Recent News and Updates
Mistletoe Intravenous in Cancer – much more than a Christmas decoration
The use of mistletoe in cancer is a popular treatment in cancer in many European countries. The common use is by injection given under the skin and there is a growing interest in the intravenous application. I would classify mistletoe as an original “immune-system” treatment that has finally become to the attention of the mainstream oncology community. Clinically we have seen patients with cancer respond to this form of treatment by improving quality of life symptoms such as in pain, appetite, and energy. Furthermore, there are groups where we have documented a cancer-fighting effect. The first patient we personally treated over 10 years ago was with advanced and progressing colon cancer, where the intravenous application of mistletoe stabilized his disease outside of any chemotherapy treatment. This experience opened our minds to the capabilities of this promising therapy.
The below recent study discusses the application and experience of mistletoe given by intravenous treatment to patients with cancer by a group of European physicians. Positive benefits were noted which included cases of patients whose disease was better controlled and more.
To find out more, please follow the below link.
Fasting During Chemotherapy & Decreased Tissue Damage – A New Paper
Fasting for up to 72 h, divided as 48 h before and 24 h after chemotherapy infusion, appears safe and feasible in people with cancer receiving platinum-based combination chemotherapy. Preliminary evidence from correlative studies supports that fasting may protect the body and tissues against chemotherapy damage.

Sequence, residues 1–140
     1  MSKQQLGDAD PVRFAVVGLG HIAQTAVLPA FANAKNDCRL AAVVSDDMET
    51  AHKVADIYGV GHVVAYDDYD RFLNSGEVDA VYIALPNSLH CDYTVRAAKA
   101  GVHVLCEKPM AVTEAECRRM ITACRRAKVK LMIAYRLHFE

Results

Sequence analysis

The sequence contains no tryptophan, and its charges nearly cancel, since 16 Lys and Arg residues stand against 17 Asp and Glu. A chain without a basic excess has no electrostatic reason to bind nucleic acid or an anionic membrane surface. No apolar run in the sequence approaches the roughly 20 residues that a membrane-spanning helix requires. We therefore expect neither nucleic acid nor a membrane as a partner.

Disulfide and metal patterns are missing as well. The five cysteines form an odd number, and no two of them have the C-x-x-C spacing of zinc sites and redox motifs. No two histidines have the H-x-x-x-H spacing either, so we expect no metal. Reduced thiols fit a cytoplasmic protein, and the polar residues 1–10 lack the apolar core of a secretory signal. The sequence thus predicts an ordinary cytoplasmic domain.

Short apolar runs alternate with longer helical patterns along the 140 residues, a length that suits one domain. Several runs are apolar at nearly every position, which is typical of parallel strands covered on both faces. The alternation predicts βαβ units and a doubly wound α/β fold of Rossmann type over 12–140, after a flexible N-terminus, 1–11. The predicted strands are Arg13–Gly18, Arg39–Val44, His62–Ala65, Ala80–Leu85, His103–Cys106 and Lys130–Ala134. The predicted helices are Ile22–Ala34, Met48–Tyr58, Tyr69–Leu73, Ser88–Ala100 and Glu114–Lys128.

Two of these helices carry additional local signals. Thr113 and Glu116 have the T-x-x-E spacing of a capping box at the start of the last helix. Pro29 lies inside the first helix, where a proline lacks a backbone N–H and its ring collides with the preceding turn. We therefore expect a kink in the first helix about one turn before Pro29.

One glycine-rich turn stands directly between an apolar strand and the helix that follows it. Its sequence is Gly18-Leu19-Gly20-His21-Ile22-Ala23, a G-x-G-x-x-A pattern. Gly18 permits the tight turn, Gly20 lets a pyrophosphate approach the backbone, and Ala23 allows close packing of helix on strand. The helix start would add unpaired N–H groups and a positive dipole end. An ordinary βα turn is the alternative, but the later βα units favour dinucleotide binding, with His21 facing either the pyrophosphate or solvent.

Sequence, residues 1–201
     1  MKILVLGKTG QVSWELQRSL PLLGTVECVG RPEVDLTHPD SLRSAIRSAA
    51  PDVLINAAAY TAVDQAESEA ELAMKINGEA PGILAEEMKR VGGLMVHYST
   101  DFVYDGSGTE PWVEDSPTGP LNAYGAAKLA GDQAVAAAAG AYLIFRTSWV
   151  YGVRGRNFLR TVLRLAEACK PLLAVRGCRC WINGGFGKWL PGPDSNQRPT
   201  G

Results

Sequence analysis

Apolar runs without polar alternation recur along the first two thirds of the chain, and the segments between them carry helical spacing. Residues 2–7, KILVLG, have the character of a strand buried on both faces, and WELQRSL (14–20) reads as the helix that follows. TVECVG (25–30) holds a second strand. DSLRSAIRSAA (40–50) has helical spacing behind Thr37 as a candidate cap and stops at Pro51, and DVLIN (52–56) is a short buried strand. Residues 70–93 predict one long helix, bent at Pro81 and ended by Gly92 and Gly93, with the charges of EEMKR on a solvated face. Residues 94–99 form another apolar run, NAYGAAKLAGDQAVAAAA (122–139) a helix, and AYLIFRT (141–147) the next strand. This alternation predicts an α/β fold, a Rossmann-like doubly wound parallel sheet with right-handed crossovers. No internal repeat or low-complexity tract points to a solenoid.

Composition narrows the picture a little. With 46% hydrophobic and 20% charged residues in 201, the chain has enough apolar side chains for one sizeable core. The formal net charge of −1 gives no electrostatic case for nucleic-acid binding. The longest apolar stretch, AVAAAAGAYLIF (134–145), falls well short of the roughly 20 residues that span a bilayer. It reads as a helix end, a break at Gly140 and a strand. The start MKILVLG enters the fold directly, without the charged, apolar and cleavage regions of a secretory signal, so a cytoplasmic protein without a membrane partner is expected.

Subjects were instructed to consume zero calories, but ample water and non-caloric beverages. However subjects were advised that if they had symptoms related to fasting (such as feeling faint, weak, dizzy, etc.) that they should consume a small amount of juice or food, aiming to stay under 200 kcal in a 24 h period.
The scientific journal article can be found below for further information.
Changing diet in prostate cancer lowers recurrence risk plus more.
In Prostate Cancer, substituting 30 g/day of poultry or fish for total or unprocessed red meat was associated with significantly lower risk of recurrence. Lower intakes of red meat and well-done red meat and higher intakes of poultry and fish are associated with lower risk of high grade and advanced prostate cancer and reduced recurrence risk, independent of stage and grade.
See the published article below: